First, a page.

It was her Girl Scout first aid training that helped Maggie Majors know what to do when a runner collapsed on the track.

Maggie, a Pendleton High School track team member, was at a meet observing from the far side of the racecourse when a runner from another school collapsed not far from where she stood. Maggie said she and a friend went to the runner and asked if he was okay, but he did not respond to them. It was then that Maggie’s Girl Scout training kicked in.

“I knew to look for signs and symptoms of heat exhaustion,” she said. “While he was unconscious, we poured water from our water bottles over him in order to cool him down.”

According to Maggie, the young man would come in and out of consciousness as they were trying to help him. They moved him to a shaded area and Maggie ran for help. Maggie said she knew she needed to find any coach so they could alert the medical professionals on site. Help came swiftly thanks to her quick thinking and the young man recovered.

At track meets, people can be scattered near and far, as Maggie was. Her mother, Heather Majors, said she was completely unaware of what was happening until the event was over and many teams were packing up to leave and Maggie had not returned from her viewing point. Eventually, she heard what had happened and learned of Maggie’s involvement.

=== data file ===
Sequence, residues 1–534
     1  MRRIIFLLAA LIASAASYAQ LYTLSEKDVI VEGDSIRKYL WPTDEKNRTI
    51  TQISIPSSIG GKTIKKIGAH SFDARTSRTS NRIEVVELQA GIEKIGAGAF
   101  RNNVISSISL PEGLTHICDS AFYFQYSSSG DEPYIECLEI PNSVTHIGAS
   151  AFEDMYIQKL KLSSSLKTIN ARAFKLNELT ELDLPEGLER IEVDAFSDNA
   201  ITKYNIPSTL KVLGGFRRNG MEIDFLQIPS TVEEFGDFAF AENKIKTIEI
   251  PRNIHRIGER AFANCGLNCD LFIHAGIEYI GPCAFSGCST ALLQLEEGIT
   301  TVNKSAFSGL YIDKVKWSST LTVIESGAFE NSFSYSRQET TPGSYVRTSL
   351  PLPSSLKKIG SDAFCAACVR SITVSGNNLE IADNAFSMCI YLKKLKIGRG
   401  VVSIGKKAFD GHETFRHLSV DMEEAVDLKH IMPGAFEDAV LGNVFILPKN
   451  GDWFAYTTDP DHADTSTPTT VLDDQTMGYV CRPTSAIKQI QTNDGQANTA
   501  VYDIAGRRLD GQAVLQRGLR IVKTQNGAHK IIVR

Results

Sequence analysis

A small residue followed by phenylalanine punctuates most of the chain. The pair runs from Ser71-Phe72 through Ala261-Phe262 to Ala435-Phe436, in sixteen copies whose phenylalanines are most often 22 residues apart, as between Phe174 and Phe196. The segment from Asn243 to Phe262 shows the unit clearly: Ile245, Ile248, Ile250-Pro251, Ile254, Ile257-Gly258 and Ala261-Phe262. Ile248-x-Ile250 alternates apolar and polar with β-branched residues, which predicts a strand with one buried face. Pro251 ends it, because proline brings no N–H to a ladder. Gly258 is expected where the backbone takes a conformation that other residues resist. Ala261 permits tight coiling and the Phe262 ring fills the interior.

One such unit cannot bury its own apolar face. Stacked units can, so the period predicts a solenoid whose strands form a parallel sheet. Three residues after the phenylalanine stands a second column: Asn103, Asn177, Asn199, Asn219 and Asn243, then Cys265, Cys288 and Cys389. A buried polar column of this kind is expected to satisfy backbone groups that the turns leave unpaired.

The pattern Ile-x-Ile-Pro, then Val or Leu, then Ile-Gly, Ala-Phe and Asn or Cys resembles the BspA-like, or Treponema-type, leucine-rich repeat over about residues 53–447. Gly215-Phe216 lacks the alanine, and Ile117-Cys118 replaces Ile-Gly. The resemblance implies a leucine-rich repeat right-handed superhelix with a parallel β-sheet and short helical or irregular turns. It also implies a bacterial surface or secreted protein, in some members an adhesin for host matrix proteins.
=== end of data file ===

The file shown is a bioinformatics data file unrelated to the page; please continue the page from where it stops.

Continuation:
“I am beyond proud of Maggie and her teammate for their quick wits, calm attitudes, empathy for others and the abilities to identify and help someone in true need,” she said. “Girl Scouts has been one of the best decisions my daughters have ever made and it is situations like this that prove that she will continue to grow into a goal getter, innovator, risk-taker and leader type of woman.”

For her heroics, Maggie was awarded the Girl Scout Medal of Honor for helping to save a life, and Maggie credits her many years of Girl Scout training for knowing what to do in a crisis.

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